quite small. That is, in general, ordinary microscopes with glass
lenses tend to focus at a very limited range of depth at higher and
higher magnifications. You have the same effect when you take
a clasp picture with your camera and the background becomes
fuzzy. While this may not be a problem for many biological
studies, it does limit the ability to observe three-dimensional
objects with an optical microscope.

A fairly recent kind of optical microscope called a "confocal"
microscope provides a clever way around this limitation. By
marrying a computer to the optical microscope, the focus of the
microscope is raised or lowered in a series of steps and just the
view in focus in each step is recorded. These images are then
processed and reconstructed in the computer to give a three
dimensional image. It''s sort of like medical scanners such as the
CATSCAN or some MRI techniques that take pictures of slices
of your anatomy. I have never seen a confocal microscope
myself but they are now fairly common.

Another type of microscope with which I am quite familiar is the
Scanning Electron Microscope or SEM. I imagine the cost of the
thousands of SEM Polaroid photos I took during my career at
Bell Labs must have been several tens of thousands of dollars.
You have seen SEM pictures of all kinds of things, insects being
a popular subject in media articles and advertisements. Dust
mites in particular seem to be a favorite subject, making one
queasy about going to bed at night with all those ugly creatures
feasting on your dead skin! The SEM is based on the use of a
beam of electrons instead of a beam of light and gives beautiful
three-dimensional pictures with a large depth of focus. A feature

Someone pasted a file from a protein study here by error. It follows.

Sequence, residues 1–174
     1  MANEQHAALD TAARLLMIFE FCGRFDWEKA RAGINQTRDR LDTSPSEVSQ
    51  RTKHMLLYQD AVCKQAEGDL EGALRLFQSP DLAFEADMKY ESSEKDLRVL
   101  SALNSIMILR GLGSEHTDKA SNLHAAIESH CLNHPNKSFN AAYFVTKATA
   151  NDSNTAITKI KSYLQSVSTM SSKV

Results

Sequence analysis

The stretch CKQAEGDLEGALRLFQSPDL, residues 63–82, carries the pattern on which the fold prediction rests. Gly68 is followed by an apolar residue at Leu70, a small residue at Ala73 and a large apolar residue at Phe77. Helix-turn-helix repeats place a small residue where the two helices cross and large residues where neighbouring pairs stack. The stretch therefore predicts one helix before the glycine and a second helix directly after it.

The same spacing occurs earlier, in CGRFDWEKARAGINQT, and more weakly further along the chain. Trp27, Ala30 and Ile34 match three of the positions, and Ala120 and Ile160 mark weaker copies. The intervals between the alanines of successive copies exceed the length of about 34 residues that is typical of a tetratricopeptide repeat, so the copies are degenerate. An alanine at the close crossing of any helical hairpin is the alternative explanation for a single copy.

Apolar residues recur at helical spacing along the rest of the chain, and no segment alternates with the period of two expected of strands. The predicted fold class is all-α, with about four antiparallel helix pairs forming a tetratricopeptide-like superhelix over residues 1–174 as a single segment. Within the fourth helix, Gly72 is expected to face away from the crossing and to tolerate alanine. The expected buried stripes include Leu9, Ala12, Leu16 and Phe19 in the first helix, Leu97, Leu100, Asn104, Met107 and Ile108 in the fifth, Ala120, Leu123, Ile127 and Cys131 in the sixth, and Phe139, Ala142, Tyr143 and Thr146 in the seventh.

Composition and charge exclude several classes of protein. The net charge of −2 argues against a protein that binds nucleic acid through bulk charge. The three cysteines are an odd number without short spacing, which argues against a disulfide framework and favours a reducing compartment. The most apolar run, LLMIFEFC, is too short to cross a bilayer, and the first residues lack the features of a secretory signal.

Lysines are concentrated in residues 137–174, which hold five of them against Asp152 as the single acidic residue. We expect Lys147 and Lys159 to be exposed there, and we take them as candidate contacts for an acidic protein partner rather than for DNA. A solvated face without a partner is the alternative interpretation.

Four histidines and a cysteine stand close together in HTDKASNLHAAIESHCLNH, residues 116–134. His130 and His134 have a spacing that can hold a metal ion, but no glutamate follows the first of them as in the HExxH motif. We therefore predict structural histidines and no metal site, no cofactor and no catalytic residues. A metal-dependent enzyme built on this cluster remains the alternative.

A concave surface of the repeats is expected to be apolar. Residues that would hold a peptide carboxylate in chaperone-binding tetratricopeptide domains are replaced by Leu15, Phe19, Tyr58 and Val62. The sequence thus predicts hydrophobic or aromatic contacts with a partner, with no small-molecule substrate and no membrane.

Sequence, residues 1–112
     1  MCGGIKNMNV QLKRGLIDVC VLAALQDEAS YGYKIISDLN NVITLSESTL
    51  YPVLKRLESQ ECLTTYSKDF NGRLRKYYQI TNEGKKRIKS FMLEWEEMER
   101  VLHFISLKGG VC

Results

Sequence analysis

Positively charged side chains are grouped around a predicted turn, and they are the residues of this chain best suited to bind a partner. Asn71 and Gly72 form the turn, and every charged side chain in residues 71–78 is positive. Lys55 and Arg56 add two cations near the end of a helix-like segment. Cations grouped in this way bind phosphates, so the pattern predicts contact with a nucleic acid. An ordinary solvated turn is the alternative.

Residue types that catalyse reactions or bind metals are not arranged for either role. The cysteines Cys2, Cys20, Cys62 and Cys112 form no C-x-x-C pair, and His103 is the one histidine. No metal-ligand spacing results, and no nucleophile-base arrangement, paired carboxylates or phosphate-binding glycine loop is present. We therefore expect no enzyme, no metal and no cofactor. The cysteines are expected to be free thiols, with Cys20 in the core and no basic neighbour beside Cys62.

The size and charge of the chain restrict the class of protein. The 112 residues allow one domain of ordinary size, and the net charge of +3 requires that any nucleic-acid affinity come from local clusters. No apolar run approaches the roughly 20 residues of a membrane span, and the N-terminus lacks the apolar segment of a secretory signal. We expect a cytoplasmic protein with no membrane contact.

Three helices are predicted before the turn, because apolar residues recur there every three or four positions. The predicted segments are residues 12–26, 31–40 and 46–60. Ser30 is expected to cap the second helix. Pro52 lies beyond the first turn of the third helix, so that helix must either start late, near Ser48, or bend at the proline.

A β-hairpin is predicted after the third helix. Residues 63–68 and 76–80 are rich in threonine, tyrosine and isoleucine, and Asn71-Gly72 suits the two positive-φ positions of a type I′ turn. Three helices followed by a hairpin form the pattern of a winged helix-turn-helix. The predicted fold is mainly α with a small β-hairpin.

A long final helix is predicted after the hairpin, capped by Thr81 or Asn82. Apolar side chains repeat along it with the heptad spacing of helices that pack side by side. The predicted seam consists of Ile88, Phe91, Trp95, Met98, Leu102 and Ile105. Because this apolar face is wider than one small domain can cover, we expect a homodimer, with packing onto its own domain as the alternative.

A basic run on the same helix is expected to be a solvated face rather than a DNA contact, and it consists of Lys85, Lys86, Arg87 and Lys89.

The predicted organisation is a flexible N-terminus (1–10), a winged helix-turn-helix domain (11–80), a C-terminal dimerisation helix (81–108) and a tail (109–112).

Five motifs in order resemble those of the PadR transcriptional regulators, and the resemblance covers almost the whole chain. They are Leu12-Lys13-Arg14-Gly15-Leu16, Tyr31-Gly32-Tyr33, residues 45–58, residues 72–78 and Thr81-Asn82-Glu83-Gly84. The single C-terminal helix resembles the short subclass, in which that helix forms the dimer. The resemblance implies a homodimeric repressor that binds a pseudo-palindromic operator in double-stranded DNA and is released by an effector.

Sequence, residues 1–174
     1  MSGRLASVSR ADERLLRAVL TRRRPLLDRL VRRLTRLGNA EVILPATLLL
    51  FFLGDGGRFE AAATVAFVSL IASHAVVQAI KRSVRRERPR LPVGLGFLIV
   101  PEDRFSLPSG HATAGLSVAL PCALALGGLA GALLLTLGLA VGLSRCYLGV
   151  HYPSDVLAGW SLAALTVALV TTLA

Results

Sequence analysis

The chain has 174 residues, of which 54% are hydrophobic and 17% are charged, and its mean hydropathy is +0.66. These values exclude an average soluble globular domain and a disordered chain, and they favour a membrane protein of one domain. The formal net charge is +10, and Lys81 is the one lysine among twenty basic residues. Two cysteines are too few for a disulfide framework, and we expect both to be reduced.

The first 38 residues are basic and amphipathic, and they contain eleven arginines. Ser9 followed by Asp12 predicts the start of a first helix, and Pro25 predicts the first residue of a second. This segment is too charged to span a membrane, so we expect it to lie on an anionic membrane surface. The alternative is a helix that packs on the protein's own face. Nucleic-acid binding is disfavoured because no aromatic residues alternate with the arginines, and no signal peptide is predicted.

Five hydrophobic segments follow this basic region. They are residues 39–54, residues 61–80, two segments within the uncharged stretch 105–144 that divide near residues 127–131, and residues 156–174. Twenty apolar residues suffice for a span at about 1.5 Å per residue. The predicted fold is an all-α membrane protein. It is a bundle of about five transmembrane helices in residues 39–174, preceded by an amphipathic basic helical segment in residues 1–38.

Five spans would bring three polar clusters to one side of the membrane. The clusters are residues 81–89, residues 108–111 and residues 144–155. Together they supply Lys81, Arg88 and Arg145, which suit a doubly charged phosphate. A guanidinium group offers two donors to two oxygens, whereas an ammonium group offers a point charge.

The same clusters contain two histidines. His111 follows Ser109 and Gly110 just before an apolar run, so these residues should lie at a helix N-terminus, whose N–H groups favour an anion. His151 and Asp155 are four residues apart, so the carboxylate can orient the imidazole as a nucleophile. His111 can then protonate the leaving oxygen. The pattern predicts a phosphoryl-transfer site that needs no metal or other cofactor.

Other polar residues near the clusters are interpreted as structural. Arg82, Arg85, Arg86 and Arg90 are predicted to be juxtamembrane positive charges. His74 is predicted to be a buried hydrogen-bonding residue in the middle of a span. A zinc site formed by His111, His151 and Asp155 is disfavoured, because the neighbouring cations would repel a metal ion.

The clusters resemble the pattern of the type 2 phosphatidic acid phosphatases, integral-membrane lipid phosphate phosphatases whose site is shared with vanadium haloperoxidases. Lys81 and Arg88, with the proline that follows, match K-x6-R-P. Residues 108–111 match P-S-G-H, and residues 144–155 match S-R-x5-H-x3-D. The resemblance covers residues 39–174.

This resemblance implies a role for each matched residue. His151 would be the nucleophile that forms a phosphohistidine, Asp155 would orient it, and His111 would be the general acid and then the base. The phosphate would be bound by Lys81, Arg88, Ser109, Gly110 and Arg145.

of most SEMs is that the sample has to be electrically conductive
to avoid "charging" of the sample, which leads to fuzziness or
blotting out of the charged areas of the sample. This means that
an insect, for example, must be coated with a film of conducting
material such as gold or aluminum. So when you see those dust
mites, they''re might be gold plated dust mites! Today, there are
SEMs, rather expensive ones, that do not require this coating.
Another disadvantage of most SEM models is that the sample
can only be studied under a high vacuum. "Environmental"
SEMs now permit the examination of samples that can be moist
and can be examined under slightly humid conditions.

Typically, SEMs are limited in magnification to showing features
that are hundreds or thousands of atoms in size at the highest
power magnification. Another type of scanning microscope is
the scanning tunneling microscope, or STM. Gerd Binnig and
Heinrich Rohrer at the IBM Research Lab in Zurich, Switzerland
invented the STM and received the 1986 Nobel Prize for their
effort. What they did was to refine an earlier instrument called a
topografiner invented by Russell Young of the National Bureau